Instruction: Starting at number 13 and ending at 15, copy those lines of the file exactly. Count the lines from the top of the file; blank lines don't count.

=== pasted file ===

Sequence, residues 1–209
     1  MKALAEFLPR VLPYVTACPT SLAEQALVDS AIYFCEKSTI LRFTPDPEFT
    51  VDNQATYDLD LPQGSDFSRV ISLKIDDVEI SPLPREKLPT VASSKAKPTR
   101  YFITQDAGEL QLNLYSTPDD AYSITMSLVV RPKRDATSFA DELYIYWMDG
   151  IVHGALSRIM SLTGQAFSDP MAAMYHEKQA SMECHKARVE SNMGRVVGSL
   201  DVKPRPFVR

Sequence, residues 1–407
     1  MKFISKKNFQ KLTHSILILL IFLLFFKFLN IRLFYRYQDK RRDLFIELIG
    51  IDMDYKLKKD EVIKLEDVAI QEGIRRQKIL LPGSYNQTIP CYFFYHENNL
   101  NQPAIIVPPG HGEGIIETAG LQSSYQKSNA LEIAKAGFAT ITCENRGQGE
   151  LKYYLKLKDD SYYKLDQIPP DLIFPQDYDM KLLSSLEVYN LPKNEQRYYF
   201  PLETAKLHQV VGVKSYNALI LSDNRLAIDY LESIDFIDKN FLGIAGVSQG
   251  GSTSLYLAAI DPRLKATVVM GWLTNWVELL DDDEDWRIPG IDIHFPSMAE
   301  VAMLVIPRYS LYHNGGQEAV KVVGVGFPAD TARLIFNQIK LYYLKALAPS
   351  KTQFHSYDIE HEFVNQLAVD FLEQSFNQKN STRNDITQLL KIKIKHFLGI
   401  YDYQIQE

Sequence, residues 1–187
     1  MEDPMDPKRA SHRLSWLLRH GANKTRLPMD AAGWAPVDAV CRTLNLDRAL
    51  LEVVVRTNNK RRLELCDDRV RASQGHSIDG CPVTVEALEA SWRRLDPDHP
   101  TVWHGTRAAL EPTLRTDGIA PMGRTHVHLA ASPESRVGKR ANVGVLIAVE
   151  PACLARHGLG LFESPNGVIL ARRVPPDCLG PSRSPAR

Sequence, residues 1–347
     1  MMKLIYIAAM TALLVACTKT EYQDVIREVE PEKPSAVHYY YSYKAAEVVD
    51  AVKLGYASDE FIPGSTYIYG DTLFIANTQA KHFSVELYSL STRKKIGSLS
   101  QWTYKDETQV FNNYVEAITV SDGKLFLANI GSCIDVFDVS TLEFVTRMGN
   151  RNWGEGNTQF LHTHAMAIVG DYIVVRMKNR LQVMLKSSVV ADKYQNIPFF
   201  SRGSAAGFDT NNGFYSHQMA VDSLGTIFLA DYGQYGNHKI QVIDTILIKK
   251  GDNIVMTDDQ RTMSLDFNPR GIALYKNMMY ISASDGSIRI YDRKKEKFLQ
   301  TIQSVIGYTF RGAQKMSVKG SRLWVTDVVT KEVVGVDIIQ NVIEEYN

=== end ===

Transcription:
   251  GSTSLYLAAI DPRLKATVVM GWLTNWVELL DDDEDWRIPG IDIHFPSMAE
   301  VAMLVIPRYS LYHNGGQEAV KVVGVGFPAD TARLIFNQIK LYYLKALAPS
   351  KTQFHSYDIE HEFVNQLAVD FLEQSFNQKN STRNDITQLL KIKIKHFLGI